Thomas Hall, one of the college's student life building, houses the offices of the Dean of Students, the student government, the musical ensembles, others. The college's two dining halls, Locke's Loft and Cafe 1853 are located in Thomas Hall; the brand new Kelly Commons, named after notable alumnus Raymond Kelly, is another student life building, completed in 2014. It holds a Starbucks, a Marketplace, a state-of-the-art gym for student and faculty use, the Multicultural Center, halls for lectures and events, the student bookstore and the office for the student-run newspaper, The Quadrangle; the O'Malley Library is a six-story structure, joined with the previous library, the Cardinal Hayes Pavilion. Built on a hill, the new library was built directly next to and above the old one combining the two and creating more floors, while enhancing technology and adding gro
Manhattan Laundry is a complex of historic buildings located in the Shaw neighborhood of Washington, D. C, it was listed on the National Register of Historic Places in 1994. The complex housed the traction facility for a streetcar company; the oldest building on the site, the west building at 1346 Florida Ave, was built in 1877. The complex became a printing plant in 1892 and it was converted into a laundry in 1905, it is part of the expansion of Washington's urban core and industrial development along Florida Avenue. Yale Steam Laundry: Another historic laundry in Washington, D. C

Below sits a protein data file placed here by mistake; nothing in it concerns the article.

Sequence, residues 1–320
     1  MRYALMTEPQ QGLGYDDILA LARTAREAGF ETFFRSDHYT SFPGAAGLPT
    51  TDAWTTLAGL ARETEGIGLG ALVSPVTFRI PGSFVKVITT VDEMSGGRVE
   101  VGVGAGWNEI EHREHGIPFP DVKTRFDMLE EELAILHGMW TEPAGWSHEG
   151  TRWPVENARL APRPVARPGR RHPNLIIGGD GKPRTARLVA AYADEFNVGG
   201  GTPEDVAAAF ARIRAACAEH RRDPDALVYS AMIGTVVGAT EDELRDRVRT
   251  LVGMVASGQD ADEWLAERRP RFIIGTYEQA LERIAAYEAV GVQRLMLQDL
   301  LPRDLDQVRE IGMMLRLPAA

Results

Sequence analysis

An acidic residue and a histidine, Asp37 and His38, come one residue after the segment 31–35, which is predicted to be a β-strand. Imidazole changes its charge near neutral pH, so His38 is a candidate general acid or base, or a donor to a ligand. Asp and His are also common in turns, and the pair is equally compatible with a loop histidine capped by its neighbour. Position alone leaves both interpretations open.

Manhattan Avenue (Manhattan)
Not included in the original Commissioners' Plan of 1811, Manhattan Avenue in Manhattan Valley lies between Columbus Avenue and Central Park West/Frederick Douglass Boulevard, extending from 100th Street to 124th Street, at which point it merges with St. Nicholas Avenue, it saw its first buildings in a group of row houses on its western side. These buildings were brick with terra-cotta trim; the now defunct New York Cancer Hospital, a landmark since 1976, is nearby on Central Park West. There are two historic districts on this avenue. Manhattan Avenue between West 120th and 123rd Streets was designated a National Historic District in 1992; the Manhattan Avenue–West 120th–123rd Streets Historic District lies on the western edge of Central Harlem. It is composed of 113 contributing brownstone and brick row houses on four short blocks between 120th and 123rd streets bounded by Morningside and Manhattan Avenues. Additionally, a Manhattan Avenue Historic District between West 105th & West 106th Streets, including 101-137 and 120-140 Manhattan Avenue was designated by the New York City Landmarks Preservation Commission on May 15, 2007